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Why It’s Important to Communicate Bad News

Jaromir Chalabala/

“Folks, this is your captain speaking, it’s going to be a rough ride leaving Denver.”

Those were the first words I heard from the pilot as I buckled my seat belt to fly home after a business trip to Boulder, Colorado. From my window seat, I could see the ominous sky trying to clamp down against the backdrop of June’s snowcapped Rocky Mountains. I enjoyed the calm view from the tarmac, the sun still fighting to peek through the late afternoon clouds.

Ready to crack the spine on a book once we were above the clouds, I took in the view as we ascended. The late afternoon quickly turned to early evening, and I forgot about the captain’s pre-takeoff warning.

Then it started. About 10 minutes into the flight, that rough ride the pilot promised began. Despite the sunny skies, the plane shook and rattled with an unsettling intensity. My adrenaline started to surge as the muscles in my body tightened. And then I remembered the captain said we were going to experience turbulence. As soon as I recalled his warning, I cracked the spine on my book and began reading, the bumpiness a mere reminder I was on a plane.

“Folks, this is your captain speaking, we are about 390 miles from DCA, above Appleton, Wisconsin. There is some bad weather in D.C., so we are going to circle here for 20 minutes.”

After one rotation the captain announced we were cleared to head straight to D.C.

Waiting at baggage claim, I reflected on the trip, particularly focused on how insignificant the rough ride had been and that I was utterly unbothered at the in-flight delay. Why was that? Two things: clear, timely communication and straightforward, non-sugar-coated expectations.

It all made me wonder what lessons there are in this for government leaders. Here’s what stands out for me:

Be straight and timely in communication and don’t sugar coat things. We all know this, and yet at times, we still seem to avoid delivering or sharing unpleasant news. I’m sure the pilot wasn’t thrilled to tell his passengers they were in for a bumpy ride. And once we hit the turbulence my nerves flared only momentarily as I remembered the pilot told us to expect it. How often does unpleasant news remain unshared only to have people experience the issue anyway and only made worse because someone knew in advance about it but didn’t bother to let people know it was going to happen?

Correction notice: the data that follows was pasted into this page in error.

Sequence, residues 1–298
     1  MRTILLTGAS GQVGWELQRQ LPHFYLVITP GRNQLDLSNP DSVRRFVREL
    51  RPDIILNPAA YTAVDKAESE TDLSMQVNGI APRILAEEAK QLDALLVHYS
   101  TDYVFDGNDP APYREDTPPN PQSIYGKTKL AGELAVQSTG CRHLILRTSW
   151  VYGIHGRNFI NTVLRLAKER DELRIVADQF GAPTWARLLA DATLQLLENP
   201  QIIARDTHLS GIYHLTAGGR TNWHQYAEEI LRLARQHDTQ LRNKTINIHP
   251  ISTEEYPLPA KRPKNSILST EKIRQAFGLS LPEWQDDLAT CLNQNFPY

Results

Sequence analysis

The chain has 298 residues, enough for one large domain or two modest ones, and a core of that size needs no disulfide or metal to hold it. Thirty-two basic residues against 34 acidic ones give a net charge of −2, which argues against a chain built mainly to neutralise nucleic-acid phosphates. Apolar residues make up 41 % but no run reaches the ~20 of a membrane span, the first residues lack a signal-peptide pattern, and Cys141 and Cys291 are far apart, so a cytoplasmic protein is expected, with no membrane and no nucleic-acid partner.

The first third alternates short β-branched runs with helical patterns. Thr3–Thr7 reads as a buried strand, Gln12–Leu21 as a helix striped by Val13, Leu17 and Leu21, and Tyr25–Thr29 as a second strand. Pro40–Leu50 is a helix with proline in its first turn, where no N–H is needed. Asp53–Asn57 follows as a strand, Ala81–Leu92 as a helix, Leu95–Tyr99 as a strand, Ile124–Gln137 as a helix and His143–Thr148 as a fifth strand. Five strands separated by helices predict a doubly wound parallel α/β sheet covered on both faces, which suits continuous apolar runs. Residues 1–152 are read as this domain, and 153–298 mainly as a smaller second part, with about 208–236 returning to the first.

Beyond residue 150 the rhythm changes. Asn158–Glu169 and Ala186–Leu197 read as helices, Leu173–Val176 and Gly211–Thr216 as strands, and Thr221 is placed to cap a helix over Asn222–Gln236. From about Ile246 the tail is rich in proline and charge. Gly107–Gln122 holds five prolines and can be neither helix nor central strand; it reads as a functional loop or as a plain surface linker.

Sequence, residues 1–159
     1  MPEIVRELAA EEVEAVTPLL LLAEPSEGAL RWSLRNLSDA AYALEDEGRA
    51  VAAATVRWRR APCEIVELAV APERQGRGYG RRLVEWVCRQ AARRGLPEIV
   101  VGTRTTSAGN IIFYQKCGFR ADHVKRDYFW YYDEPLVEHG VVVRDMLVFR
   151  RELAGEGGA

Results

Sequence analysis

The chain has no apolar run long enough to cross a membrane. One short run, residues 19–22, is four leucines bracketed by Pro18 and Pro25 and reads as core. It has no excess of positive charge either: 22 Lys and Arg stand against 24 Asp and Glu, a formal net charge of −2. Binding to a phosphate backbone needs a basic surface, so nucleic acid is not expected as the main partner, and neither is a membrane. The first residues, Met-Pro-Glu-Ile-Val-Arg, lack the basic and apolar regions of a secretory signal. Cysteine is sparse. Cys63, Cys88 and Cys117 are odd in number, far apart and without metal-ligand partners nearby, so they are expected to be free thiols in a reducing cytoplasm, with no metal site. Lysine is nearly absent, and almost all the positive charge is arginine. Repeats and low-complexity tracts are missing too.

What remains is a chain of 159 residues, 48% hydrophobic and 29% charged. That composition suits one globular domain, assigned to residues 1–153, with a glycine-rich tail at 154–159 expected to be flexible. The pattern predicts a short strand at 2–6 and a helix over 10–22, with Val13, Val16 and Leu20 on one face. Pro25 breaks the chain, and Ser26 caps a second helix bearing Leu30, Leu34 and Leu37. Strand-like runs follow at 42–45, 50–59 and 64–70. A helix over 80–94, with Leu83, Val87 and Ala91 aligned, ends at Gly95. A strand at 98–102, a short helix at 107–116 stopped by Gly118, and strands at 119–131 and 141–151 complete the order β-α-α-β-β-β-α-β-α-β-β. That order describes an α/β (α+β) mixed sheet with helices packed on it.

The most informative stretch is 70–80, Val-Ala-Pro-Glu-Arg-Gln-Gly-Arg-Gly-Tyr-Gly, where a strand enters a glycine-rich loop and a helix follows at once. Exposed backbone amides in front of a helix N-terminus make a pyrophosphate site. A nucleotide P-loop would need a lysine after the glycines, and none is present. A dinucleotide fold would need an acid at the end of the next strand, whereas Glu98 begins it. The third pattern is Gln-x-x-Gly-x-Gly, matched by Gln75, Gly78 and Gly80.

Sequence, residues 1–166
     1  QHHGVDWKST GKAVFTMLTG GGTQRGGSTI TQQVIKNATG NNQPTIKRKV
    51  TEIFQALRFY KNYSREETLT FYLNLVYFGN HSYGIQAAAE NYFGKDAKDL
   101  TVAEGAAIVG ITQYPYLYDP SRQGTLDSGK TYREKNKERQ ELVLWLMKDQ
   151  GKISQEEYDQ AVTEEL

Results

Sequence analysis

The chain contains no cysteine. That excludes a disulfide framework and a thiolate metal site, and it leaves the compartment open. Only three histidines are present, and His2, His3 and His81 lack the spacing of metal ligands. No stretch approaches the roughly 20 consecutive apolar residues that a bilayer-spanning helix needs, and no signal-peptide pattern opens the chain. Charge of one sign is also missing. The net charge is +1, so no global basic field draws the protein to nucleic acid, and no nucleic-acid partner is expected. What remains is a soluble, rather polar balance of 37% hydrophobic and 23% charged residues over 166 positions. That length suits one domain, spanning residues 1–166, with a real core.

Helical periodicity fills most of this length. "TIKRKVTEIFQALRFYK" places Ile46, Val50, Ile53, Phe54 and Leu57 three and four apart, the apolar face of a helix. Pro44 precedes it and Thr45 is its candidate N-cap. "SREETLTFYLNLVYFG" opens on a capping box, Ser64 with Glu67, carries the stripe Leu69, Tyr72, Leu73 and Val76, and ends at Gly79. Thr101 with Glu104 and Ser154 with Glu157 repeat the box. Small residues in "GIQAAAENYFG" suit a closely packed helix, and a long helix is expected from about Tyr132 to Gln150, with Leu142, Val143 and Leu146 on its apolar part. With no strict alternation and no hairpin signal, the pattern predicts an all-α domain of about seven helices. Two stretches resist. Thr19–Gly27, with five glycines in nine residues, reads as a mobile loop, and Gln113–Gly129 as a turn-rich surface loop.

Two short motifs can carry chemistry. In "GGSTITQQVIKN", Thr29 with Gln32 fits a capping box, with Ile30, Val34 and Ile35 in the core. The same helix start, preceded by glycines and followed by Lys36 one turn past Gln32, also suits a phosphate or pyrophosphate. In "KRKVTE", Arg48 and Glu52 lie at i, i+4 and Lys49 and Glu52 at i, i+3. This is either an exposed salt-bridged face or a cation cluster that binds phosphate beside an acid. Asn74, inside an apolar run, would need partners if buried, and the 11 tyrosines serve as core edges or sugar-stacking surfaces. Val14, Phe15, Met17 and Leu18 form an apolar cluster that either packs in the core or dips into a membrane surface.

Share even if there is nothing a person can do about the issue. I often hear leaders say they don’t communicate about certain things because they don’t think their teams or organizations need to know. Certainly there is information that is necessarily kept confidential or close-held, but more often than not, it seems leaders don’t think their organizations will benefit from the information if it isn’t a decision, or doesn’t require action or have a significant material impact. The problem with this mind-set is that as human beings we are wired to want to know what’s going on. The absence of valid information about what’s going on can result in assumptions or gossip or the rumor mill running rampant—or people being scared. Damage control in the wake of inaccurate stories is time-consuming at best.

So the next time your team or organization is headed for a rough ride or may be in a holding pattern, tell them. It won’t lessen the bumps or prevent the time spent circling, but it will smooth the ride.

(Image via Jaromir Chalabala/

Sarah Agan is a regular contributor to Excellence in Government. She has spent the past 17 years working with clients across the federal government with a focus on helping individuals and organizations thrive.

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